Read more

Ruling with an iron fist could make your child pack on pounds

If you’re rigid with rules and skimpy on affection and dialogue with your kids, they have a greater chance of being obese, according to research presented at the American Heart Association’s Epidemiology & Prevention/Nutrition, Physical Activity & Metabolism Scientific Sessions 2014.Researchers followed a nationally representative group of 37,577 Canadian children aged 0 to 11. They compared kids whose parents are generally affectionate, have reasonable discussions about behavior with their child and set healthy boundaries (authoritative) with those whose parents were strict about limits without much dialogue or affection (authoritarian).The latter group had a 30 percent higher chance of being obese among kids 2 to 5 years old and a 37 percent higher chance among kids 6 to 11 years.”Parents should at least be aware of their parenting style,” said Lisa Kakinami, Ph.D., a post-doctoral epidemiologist at McGill University in Montreal. “If you’re treating your child with a balance of affection and limits — these are the kids who are least likely to be obese.”Researchers compared parents’ answers to a cross-sectional survey. They then categorized parenting styles and analyzed them with respect to children’s body mass index (BMI) percentile.Researchers also found that poverty was associated with childhood obesity. But parenting style affected obesity regardless of income level.More than one-third of American children are overweight or obese according to the American Heart Association. Exploring factors at home that may be fueling this public health concern could lead to better prevention and interventions, Kakinami said.Story Source:The above story is based on materials provided by American Heart Association. Note: Materials may be edited for content and length.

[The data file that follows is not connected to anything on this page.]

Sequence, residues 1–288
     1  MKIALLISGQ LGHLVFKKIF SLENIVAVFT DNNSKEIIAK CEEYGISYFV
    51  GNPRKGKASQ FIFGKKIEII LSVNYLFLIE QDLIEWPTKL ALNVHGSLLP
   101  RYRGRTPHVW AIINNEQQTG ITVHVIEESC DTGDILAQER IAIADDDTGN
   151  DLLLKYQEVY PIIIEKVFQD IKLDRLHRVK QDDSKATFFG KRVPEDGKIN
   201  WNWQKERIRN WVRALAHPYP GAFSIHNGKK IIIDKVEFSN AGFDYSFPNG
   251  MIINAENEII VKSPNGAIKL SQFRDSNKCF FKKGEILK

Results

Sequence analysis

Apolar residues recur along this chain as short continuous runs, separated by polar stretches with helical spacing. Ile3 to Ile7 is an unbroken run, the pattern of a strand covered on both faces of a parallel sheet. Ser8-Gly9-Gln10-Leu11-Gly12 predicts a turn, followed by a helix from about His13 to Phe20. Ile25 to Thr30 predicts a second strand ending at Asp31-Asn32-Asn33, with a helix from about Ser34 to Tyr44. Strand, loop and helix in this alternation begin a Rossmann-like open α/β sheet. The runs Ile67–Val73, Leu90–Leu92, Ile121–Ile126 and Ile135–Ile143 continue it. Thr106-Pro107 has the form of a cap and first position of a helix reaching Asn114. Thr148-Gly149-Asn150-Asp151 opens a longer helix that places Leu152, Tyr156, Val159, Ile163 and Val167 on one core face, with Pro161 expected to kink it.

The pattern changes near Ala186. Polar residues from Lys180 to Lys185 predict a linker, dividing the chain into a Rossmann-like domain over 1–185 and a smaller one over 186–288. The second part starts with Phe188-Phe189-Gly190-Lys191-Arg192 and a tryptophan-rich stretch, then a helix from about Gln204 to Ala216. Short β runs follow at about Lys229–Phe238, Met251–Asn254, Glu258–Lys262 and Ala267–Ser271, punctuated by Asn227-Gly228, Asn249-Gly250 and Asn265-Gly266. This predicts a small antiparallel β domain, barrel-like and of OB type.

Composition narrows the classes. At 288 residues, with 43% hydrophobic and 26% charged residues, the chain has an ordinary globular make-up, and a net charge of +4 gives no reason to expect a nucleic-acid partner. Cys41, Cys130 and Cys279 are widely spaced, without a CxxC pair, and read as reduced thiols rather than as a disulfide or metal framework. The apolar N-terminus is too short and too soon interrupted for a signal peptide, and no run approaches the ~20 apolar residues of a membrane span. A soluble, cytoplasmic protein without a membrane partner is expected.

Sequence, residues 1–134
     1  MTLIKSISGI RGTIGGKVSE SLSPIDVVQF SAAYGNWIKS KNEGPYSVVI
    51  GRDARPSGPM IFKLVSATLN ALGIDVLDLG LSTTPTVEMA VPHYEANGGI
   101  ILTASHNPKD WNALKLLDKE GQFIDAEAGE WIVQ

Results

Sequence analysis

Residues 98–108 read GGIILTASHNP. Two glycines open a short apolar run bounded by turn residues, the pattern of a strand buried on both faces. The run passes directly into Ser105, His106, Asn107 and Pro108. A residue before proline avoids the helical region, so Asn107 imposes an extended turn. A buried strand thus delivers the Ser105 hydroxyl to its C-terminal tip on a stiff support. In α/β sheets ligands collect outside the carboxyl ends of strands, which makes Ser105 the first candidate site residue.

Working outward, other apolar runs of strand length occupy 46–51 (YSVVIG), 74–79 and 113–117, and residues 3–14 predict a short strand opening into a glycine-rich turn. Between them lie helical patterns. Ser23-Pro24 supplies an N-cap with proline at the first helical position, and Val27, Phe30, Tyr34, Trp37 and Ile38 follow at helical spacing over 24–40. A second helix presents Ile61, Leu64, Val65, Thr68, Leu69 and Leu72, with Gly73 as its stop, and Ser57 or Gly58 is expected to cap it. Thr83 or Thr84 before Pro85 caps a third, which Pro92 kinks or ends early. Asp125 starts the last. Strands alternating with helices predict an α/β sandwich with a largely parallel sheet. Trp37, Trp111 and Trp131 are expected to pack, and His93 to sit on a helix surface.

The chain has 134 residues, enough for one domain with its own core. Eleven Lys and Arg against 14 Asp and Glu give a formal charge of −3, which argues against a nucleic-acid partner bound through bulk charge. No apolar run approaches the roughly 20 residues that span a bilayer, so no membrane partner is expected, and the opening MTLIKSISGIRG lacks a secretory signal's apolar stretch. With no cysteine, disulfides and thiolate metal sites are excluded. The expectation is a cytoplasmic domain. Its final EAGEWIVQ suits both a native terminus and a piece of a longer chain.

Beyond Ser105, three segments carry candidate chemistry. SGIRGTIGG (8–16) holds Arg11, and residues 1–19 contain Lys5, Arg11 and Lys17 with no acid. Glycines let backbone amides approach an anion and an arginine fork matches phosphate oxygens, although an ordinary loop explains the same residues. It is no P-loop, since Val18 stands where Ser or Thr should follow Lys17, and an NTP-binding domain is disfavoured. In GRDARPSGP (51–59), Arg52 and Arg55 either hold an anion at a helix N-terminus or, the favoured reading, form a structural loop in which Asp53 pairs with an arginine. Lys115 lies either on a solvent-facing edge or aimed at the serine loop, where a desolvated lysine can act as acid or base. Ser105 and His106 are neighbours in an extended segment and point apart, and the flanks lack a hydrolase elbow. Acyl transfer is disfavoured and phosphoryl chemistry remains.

Read more

New heart failure symptom: Shortness of breath while bending over